Heavenly hostesses smiling with SantaBy LENNIE BENNETT
© St. Petersburg Times,
published December 9, 2001
The Boley Angels left their wings at home Tuesday, probably so as not to drag them through the platters of scrambled eggs served at the annual holiday brunch. Instead, many members dressed for the season in reds and greens.
The Boley Angels support Boley Centers, a network of 26 facilities that provide housing and services to the mentally ill in Pinellas County. Sandra Hultgren was chairman of the event, helped by her sister Brenda Battaglia and her mother, longtime Boley volunteer Ginny Battaglia. And, of course, by Mary Koenig, who founded Boley more than 30 years ago and remains active with the organization.
Christmas tunes emanated from the piano under the hands of Jerry Demark and Santa sat in a wing chair waiting for business. I sidled over and he said, "Whatever you wish for, think big. You won't get it anyway."
"That is not a very Santa-ish attitude," I replied.
"Come and sit on my knee and we'll talk about it," he said.
I learned his name is Stephen Rzysko. He was there at the invitation of his friend Connie Whitehead, and he really does resemble Santa with his flowing beard and bright blue eyes. And the point was to have our photos taken with him for $5 -- which went to Boley -- a fundraising ploy that appealed to the women attending but not the several guys who were there, notably Boley chief executive officer Gary MacMath, Boley director of housing Jack Humburg and board president Rutland Bussey, who all declined the chance to sit on Santa's knee.
In the crowd were Boley Angels president Sally Poynter, Margie Decker, Laura Jenkins, Anne Gooden, Patsy Wheeler, Phyllis Williams, Vera Brantley, Ann Bridge, Tinker McKee, Barbara Walter, Helen Rudolph, Jeanne Weber, Janet Pardee, Lou Vanderbleek, Aila McEwen, Gerry Nickels, Ruth Gray, Sharon Clayton, Diane Winning, Mary Cross, Helen DeWalt, Lea Newman, Pat LaMonde and Bernice McCune.
As she does every year, Ginny Battaglia made reindeer party favors of from corks, this year crowned with little American flags. Since each critter requires seven corks and she made more than 100, she relied on a lot of friends and wine lovers to supply them.
Both in spirit of the holidays and of collegiality, Gulf Coast Museum of Art Director Ken Rollins hosted a party Dec. 1 at his Belleair condominium for fellow art museum directors.
The gathering included Marshall Rousseau of the Salvador Dali Museum, who retires in July; his successor, Hank Hine, formerly of Graphic Studio in Tampa; John Schloder, director of the Museum of Fine Arts, and its director emeritus, Michael Milkovich; John Wetenhall, director of the John and Mable Ringling Museum in Sarasota; Margaret Miller, director of the Contemporary Art Museum of University of South Florida, Tampa; Emily Kass, director of the Tampa Museum of Art, and the retired Tampa Museum director Andy Maas.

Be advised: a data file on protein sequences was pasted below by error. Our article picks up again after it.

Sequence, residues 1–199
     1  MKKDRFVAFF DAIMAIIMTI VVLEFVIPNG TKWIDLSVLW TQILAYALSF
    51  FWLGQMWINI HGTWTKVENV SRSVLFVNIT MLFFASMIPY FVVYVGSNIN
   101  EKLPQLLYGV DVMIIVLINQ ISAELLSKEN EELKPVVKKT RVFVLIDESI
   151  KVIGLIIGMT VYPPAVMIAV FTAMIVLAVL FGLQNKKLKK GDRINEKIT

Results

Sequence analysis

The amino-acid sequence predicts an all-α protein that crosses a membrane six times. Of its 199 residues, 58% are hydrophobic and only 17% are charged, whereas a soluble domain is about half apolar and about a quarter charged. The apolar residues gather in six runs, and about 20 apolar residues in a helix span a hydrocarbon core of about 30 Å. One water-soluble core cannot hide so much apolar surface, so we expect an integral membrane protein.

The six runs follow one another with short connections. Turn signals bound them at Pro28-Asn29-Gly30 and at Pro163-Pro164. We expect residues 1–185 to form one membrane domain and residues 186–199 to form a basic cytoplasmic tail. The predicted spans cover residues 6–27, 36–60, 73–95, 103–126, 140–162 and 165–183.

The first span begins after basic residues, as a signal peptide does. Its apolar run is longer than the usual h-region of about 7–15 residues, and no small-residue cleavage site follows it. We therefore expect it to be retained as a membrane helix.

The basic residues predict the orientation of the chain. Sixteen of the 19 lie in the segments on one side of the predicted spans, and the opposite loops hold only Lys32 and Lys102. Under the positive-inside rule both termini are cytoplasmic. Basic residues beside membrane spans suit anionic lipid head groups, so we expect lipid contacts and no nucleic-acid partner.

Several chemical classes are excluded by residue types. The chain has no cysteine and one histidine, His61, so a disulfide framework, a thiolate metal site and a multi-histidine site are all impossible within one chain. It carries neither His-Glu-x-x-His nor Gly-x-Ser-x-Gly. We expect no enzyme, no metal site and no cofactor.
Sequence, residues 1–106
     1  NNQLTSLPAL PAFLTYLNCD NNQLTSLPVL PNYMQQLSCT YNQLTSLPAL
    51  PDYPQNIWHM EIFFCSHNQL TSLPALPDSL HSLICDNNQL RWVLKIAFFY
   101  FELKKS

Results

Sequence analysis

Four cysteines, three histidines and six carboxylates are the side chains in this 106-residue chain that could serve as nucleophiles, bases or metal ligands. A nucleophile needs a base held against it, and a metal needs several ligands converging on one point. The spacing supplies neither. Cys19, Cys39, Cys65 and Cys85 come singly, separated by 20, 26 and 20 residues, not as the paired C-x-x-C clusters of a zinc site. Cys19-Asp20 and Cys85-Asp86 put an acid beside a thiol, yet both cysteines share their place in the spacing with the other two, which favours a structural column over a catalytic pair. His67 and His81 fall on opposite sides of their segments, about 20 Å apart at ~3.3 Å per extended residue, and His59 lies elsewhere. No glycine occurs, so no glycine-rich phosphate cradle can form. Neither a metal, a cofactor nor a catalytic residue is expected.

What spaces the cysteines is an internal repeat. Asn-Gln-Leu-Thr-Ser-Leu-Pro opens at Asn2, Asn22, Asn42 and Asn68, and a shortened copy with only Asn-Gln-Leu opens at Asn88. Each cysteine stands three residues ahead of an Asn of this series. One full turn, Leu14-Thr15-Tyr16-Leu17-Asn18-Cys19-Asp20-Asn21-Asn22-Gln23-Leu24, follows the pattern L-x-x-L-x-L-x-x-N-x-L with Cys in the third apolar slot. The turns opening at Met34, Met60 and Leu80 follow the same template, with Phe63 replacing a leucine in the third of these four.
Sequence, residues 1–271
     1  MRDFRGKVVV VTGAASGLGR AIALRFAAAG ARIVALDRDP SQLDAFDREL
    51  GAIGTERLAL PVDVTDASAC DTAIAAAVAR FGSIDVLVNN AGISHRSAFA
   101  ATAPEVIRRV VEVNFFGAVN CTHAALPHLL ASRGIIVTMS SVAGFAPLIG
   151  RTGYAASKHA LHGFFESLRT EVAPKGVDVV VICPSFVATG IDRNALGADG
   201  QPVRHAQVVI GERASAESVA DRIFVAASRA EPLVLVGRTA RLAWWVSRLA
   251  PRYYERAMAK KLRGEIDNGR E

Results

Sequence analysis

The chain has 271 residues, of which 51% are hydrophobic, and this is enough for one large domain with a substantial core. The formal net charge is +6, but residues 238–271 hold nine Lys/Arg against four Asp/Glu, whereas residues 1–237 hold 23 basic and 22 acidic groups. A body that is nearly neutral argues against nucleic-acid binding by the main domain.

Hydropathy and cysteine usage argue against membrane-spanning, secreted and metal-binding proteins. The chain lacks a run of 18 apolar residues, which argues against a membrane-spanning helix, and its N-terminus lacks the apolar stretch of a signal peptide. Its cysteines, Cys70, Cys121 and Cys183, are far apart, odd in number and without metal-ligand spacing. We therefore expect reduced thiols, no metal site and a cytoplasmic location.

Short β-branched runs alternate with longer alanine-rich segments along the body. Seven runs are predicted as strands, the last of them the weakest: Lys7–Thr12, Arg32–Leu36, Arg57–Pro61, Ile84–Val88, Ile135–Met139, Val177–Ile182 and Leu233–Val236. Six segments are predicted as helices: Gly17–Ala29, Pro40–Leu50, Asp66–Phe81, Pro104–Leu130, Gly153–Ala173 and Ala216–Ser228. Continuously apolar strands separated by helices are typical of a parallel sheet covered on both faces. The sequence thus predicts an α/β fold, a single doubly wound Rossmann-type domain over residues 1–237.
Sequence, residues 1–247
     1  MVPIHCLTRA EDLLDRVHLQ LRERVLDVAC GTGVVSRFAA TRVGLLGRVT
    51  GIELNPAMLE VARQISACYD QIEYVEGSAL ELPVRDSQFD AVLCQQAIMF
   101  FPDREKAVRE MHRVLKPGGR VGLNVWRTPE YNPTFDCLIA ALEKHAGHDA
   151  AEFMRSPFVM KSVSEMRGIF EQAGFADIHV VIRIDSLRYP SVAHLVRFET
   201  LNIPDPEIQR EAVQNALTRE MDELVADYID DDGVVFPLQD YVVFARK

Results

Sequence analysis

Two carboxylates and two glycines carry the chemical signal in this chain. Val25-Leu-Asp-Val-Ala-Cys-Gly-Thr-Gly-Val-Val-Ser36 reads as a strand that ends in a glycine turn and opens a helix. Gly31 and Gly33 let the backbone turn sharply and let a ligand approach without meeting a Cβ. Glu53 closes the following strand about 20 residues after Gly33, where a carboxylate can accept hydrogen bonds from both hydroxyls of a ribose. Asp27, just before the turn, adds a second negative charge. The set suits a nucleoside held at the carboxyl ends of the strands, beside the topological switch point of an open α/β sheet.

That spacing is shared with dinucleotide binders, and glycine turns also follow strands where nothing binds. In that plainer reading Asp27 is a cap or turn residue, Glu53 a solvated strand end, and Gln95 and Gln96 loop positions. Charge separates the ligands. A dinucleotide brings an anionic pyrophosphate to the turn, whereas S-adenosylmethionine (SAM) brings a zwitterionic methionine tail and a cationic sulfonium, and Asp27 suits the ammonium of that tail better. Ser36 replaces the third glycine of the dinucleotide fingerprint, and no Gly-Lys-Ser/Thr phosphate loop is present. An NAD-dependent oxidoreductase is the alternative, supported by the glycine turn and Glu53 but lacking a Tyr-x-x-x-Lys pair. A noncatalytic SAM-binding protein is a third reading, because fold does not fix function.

A schedule conflict prevented my attending, but I hope it becomes an annual event -- although amateurs like me should be required to take a few art history courses beforehand to keep up with this group.
Since 1965, the Beach Branch of All Children's Hospital Guild has honored an outstanding volunteer at a holiday luncheon, naming her Mrs. Santa for the philanthropic gifts she has contributed to children's well-being through out the year.
Congratulations to Charmeine Smith, this year's Mrs. Santa, who has served as president of the guild, chaired numerous committees, helped with the hospital's annual telethon and continues to deliver pizzas to Ronald MacDonald House every month.
Both sections of the ballroom at the St. Petersburg Yacht Club were needed to accommodate the capacity crowd. I stopped to visit at one table that looked especially jolly and met Della Dee; Sue Oldenberger; Dorothy Wright, wearing a gold and South Seas pearl necklace she bought on a diving trip with her grandson; Virginia Lizette and Yvonne Ciesnier, who have "winter" homes in Largo and then leave the summer heat for cooler climes (lucky them); Mary Heagey; Andree Slack; Grace Jankowski and Kay Smith.
Wanda Wall and Evie Felsen are longtime members of the St. Petersburg Branch of the Guild, "but we come to support the Beach Branch every year," said Mrs. Wall. Sandra Moss brought her mom, Kay Moss, who was Mrs. Santa in 1987.
Asa Myers is both president of the Beach Branch and luncheon co-chairman, along with Maggie Eynatten. They had a hard-working committee -- many of them former Mrs. Santas themselves -- of Barbara Clair, Connie Davis, Juanita Kolka, Jean Wendel and Ginger Wittell, the person in charge of the Santa Bags, a novel "opportunity." (Remember, we are not allowed to use the word "raffle" for fear of a police raid.) Anyway, every member contributed four identical items, wrapped, which were divided among four big bags. Four people won them and took home about 50 presents each, which means that for about $5, some lucky women will have all their Christmas shopping and wrapping taken care of. And I, alas, was not one of them.
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HOLIDAY OPEN HOUSE: The Museum of Fine Arts hosts an afternoon of family activities, docent tours and refreshments for members and the public. 1-4 p.m. 255 Beach Drive NE. Free.
BALLET SOCIETY HOLIDAY AUCTION: Mattison's, a new downtown restaurant, provides hors d'oeuvres and Bananas Foster at the Museum of Fine Arts to benefit the Ballet Society. Proceeds from a silent auction will be used for dance scholarships. With entertainment and docent tours. 7:30-9:30 p.m. 255 Beach Drive NE. Advance, $20, at the door, $25. 827-3828.
GALAXY GALA 2001: Supporters of the Florida Orchestra ring in the New Year at the annual black-tie bash featuring a concert and dancing to music by the orchestra. 7:30 p.m. Renaissance Vinoy Resort. $350. (813) 286-1170, ext. 273.
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